Going to work on holiday can be profitable, fun — as long as it’s voluntary

By Jennifer Ledford

With large stores opening on Thanksgiving in droves this year, here are two takes on the new reality of shopping — and working — on this holiday.

A lot of employees of big-box stores have to show up for work this Thanksgiving, and they’re not happy about it. I have a couple of friends at J.C. Penney and Macy’s; one of them plans to call in sick on Thursday.

I’ll be at work, too, at my Jewel-Osco deli counter. I actually don’t mind it. It’s fun to watch customers’ faces light up when we hand them their turkeys. One holiday, a poor woman whose sister had just passed away was facing a sad Thanksgiving with no food. We gave her a free dinner, and it made her day.

Another reason I’ll work is I’ll make time and a half. I also will save someone else from having to come in.

There’s one more reason I don’t mind working this Thanksgiving. It’s my choice.

My friends in the retail industry are afraid of losing their jobs if they don’t work. They would rather be home with their families, but have no say in the matter.

As a member of United Food and Commercial Workers Local 1546, I have a union contract that ensures that I won’t be treated unfairly if I choose not to work on a holiday. This will be the 10th time I have worked on Thanksgiving at seven Jewel stores over 13 years.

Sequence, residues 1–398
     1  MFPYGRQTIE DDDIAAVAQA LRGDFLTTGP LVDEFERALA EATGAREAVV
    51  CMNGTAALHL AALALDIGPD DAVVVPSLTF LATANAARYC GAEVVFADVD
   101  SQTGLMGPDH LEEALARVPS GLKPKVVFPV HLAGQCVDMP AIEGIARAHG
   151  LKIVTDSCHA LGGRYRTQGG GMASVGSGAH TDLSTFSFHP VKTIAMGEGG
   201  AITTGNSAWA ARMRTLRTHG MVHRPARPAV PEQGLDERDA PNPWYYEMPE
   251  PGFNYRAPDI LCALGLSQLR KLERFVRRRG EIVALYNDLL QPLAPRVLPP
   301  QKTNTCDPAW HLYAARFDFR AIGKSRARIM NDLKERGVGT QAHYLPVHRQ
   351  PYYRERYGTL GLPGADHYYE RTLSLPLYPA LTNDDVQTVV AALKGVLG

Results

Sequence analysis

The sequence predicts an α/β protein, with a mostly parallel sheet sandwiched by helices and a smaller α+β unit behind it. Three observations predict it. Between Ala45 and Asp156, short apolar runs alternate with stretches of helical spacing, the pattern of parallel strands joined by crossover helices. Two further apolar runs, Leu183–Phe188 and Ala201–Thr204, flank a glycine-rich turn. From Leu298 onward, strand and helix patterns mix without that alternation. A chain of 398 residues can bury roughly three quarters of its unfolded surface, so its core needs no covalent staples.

Showing up on Thursday is not so bad. My co-workers bring in turkeys, mashed potatoes and desserts and we have our own little holiday up in the break room (yes, we bring food to the food store).

We’ll spend a lot of time handing out the dinners that customers have requested. So far, we have about 115 orders from churches and food pantries and about 20 for regular customers.

I’ll probably be at the counter from 8 a.m. to noon, then go home to my 5-year-old and 3-year-old daughters. The overtime money I earned will go into their college fund, with some also for Santa Claus. My turkey will already be in the oven on low heat (sorry, Jewel, I make my own). I’ll turn the temperature up to high and soon our holiday will begin.

Ledford works at a Jewel in Lake County and lives in Sleepy Hollow.

Copyright © 2013 Chicago Tribune Company, LLC

This piece by UFCW Local 1546 member Jennifer Ledford appeared in the Chicago Tribune on November 24, 2013


UFCW Local 1546 represents workers in Illinois and Indiana in a diverse range of industries including grocery and drug retailers; meat cutting, processing, and packing; chemical works; nursing home and healthcare facilities, and many others.